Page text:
Mr. Woodhouse

Mr. Henry Woodhouse is a central character in Jane Austen's 1815 novel Emma and the father of the protagonist, Emma Woodhouse. He is a wealthy member of the English landed gentry who owns a large country estate.

Mr. Woodhouse
Jane Austen character
Emma-Mr Woodhouse.jpg
Mr. Woodhouse (right) with his daughter Emma in an illustration by Hugh Thomson
In-universe information
OccupationLandowner and gentleman
ChildrenIsabella Knightley
Emma Woodhouse

A valetudinarian widower, keen on gruel and a quiet life, he regrets the earlier marriage of Emma's elder sister, and is opposed to marriages in general.


With his cosy domesticity, his childlike simplicity, and kindly hospitality, Mr Woodhouse has been seen as a charming figure by generations of readers – as one of the most enchanting of chumps.[1] A minority of critics, however, have taken a rather harsher view. Ronald Blythe, for example, insists that "Mr Woodhouse, so wrongly and oddly regarded as an old pet by generations of readers, is actually a menace",[2] threatening Emma's future happiness by tying her to him and opposing all changes, especially marital. To Barbara Hardy, this was an anachronistic view of an affectionate and unpredatory figure;[3] but his role in the courtship plot is certainly that of what Northrop Frye called a "blocking character",[4] if one acting through weakness not strength[5] – the tyranny of invalidism.[6]

Jane Austen's authorial comments on Mr Woodhouse are very muted: for the most part he is presented in dialogue, where his eccentricities have the best chance to shine. He is introduced by her as "a nervous man, easily depressed... hating change of any kind", while a late vignette shows him under the weather, when "he could only be kept tolerably comfortable by almost ceaseless attention on his daughter's side".[7] In between, Austen quietly observes his "gentle selfishness" and his "mild inexorability'.[8] Those who see him as a confirmed egotist,[9] who uses his wealth to make the world revolve around himself – "unfit for any acquaintance, but such as would visit him on his own terms";[10] and hypocritically imperious with his servants[11] – can certainly find evidence in the text to support their views; but the overall impression of a lovable charmer still remains.[12]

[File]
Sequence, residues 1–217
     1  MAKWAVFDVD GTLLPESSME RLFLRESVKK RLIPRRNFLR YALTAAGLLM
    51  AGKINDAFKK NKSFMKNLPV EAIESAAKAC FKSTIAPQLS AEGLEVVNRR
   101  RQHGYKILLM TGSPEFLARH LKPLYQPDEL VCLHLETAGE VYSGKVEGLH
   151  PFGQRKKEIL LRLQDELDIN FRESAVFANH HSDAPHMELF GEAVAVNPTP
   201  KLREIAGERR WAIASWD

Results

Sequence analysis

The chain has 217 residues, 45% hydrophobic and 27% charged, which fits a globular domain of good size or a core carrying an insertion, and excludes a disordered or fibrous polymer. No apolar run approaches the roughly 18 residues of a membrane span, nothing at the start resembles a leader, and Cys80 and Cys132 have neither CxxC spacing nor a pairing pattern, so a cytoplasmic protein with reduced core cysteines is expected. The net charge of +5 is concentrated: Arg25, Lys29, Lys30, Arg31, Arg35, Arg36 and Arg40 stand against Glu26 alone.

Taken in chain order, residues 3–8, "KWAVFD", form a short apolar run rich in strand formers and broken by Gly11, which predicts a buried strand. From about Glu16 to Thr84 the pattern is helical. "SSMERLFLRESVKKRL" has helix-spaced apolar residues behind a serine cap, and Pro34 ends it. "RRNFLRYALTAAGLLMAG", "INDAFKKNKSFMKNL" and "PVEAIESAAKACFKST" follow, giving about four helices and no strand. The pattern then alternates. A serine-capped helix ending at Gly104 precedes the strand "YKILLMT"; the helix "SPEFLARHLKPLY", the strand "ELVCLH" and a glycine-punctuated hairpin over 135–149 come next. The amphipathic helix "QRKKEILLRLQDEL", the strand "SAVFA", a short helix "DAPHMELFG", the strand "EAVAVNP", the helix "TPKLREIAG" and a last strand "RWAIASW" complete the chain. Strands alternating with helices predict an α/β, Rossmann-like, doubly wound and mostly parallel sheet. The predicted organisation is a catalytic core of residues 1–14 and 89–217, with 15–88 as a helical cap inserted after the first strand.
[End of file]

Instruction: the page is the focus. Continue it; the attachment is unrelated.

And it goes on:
It is with regard to his younger daughter, Emma, that the contrasting views of Mr Woodhouse come into starkest opposition. There is no doubt that he idealizes her: as she tells her friend Harriet, one of her reasons for not wanting to get married is that "never, never could I expect to be so truly beloved and important; so always first and always right in any man's eyes as I am in my father's"[13] Mr Woodhouse's supporters see an almost unconditional love as standing behind his inability to see faults in Emma.[14] To his critics, he has created a spider-web of flattery,[15] a narcissistic cocoon that denies the reality of generational change and loss,[16] within which Emma is psychologically trapped. In this reading, only the eventful twists and turns of the book's entire plot can breach her imaginary superiority and free her from him, enabling her to realise that "she had been entirely under a delusion...with unpardonable arrogance",[17] and permitting a more realistic relationship to emerge in the form of Mr Knightley.


  1. ^ S. Kaye-Smith, Talking of Jane Austen (London 1946) p. 34–5
  2. ^ R. Blythe, 'Introduction', Jane Austen: Emma (Penguin 1971) p. 15
  3. ^ Barbara Hardy, A Reading of Jane Austen (2000) p. 130
  4. ^ N. Frye, Anatomy of Criticism (Princeton 1971) p. 172
  5. ^ E. Copeland ed. The Cambridge Companion to Jane Austen (Cambridge 1997) p. 71
  6. ^ R. Sale, Jane Austen and Representations of Regency England (London 1994) p. 136 and 140
  7. ^ R. Blythe, ed., Jane Austen: Emma (Penguin 1971) p. 39 and p. 410
  8. ^ Quoted in R. Jenkyns, A Fine Brush on Ivory (Oxford 2007) p. 158
  9. ^ R. Blythe, 'Introduction', Jane Austen: Emma (Penguin 1971) p. 15
  10. ^ R. Blythe, ed., Jane Austen: Emma (Penguin 1971) p. 51
  11. ^ J. Mullan, What Matters in Jane Austen? (London 2012) pp. 126–8
  12. ^ R. Jenkyns, A Fine Brush on Ivory (Oxford 2007) p. 164
  13. ^ R. Blythe, ed., Jane Austen: Emma (Penguin 1971) p. 109
  14. ^ D. Selwyn, Jane Austen and Children (2010) p. 111
  15. ^ R. Jenkyns, A Fine Brush on Ivory (Oxford 2007) p. 16
  16. ^ F. Oehischlaeger, Love and Good Reason (2002) p. 93 and p. 101
  17. ^ R. Blythe, ed., Jane Austen: Emma (Penguin 1971) p. 402